logs or data from borehole televiewers to determine the orientation of the core. Another
approach to core-based orientation involves analysis of naturally existing paleomagnetic
signals in rock to determine their relationship to present-day geographic north.
Paleomagnetic core orientation
The paleomagnetic technique is based on the fact that nearly all rocks, including quartzite,
chert, and chalk, contain at least trace amounts of magnetic minerals such as magnetite and
hematite. These minerals act as miniature compasses and lock-in the earth's ambient
magnetic field. A primary signal is imprinted near the time of deposition; over time, one or more
secondary signals may be overlain on the primary signal. In specially equipped laboratories,
the signals in rock samples can be separated, interpreted, and used to orient core to present-
day geographic north.
Paleomagnetic core orientation requires that a number of 1-in.-diameter plug samples be
collected from the core at the surface. The number of samples required to achieve a good
statistical result is dependent on the rock type and other factors. Plugs are then sent to a
laboratory for analysis, and core orientation results are typically returned in one to four weeks.
No core-based orientation technique can be considered to give real-time results. In each case,
recovered core must be analyzed or sampled. That data, combined with laboratory or borehole
information (wireline or televiewer runs) may not be available for days or months.
Advantages and disadvantages of core orientation techniques
Numerous studies have been done to determine the accuracy of different orientation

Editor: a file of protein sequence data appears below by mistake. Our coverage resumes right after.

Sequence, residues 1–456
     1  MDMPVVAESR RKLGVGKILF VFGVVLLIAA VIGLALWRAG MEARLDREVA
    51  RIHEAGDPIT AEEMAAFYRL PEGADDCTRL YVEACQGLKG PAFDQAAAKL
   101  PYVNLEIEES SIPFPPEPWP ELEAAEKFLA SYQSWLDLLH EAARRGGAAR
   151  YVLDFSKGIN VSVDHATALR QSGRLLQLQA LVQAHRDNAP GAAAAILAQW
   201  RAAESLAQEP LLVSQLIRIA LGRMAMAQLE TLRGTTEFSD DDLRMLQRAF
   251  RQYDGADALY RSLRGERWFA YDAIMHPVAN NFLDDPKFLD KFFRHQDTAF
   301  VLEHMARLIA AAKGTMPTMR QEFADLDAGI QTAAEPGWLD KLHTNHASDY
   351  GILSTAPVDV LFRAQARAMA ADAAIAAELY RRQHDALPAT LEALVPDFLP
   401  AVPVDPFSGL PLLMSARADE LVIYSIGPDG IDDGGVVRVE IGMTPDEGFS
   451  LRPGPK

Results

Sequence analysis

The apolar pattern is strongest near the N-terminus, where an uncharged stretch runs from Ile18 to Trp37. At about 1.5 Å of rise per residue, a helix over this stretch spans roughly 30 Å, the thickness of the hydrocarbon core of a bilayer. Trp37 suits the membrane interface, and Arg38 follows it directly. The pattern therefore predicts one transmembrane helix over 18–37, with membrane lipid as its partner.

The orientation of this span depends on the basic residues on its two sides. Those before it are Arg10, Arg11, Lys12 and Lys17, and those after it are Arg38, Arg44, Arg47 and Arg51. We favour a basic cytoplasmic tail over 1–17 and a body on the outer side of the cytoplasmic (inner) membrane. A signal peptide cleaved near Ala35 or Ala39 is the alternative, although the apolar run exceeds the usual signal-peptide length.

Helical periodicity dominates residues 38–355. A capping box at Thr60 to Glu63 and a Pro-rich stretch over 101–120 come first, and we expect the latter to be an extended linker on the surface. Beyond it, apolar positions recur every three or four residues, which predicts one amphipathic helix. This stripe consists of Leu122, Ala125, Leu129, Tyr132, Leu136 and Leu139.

techniques. Nelson et al.provides a particularly comprehensive review of error sources for
mechanical orientation and comparisons of accuracy with other techniques. Core orientation
techniques are capable of achieving, under optimum conditions, accuracies of ≤5°. Sources
and severity of errors depend on many factors, some of which are listed here:
At high latitudes, most techniques are prone to failure for similar reasons: the inclination of the
ambient earth's field makes an accurate measurement of azimuth difficult.
High angle deviation of a borehole may exacerbate or reduce errors, depending on the direction
of deviation. In holes approaching horizontal, orientation of cores to geographic north loses its
meaning; up-down core directions then become important.
During mechanical core orientation, film or batteries can fail under high temperature conditions
(generally >240°F) or film may run out if downhole time is extended. Tandem systems are
recommended to reduce the chance of failure.
Scribe knives may break or be blunted in extremely hard formations; soft or unconsolidated
formations may be unsuitable for scribing because the scribe knife may not leave a permanent
Dipmeter and borehole televiewer
Dipmeters and borehole televiewers must detect formation contrast to be effective orientation
tools. Formations that have apparent bedding dips at right angles or parallel to the core axis
and limited changes in bedding attitude over the length of the core may not be appropriate for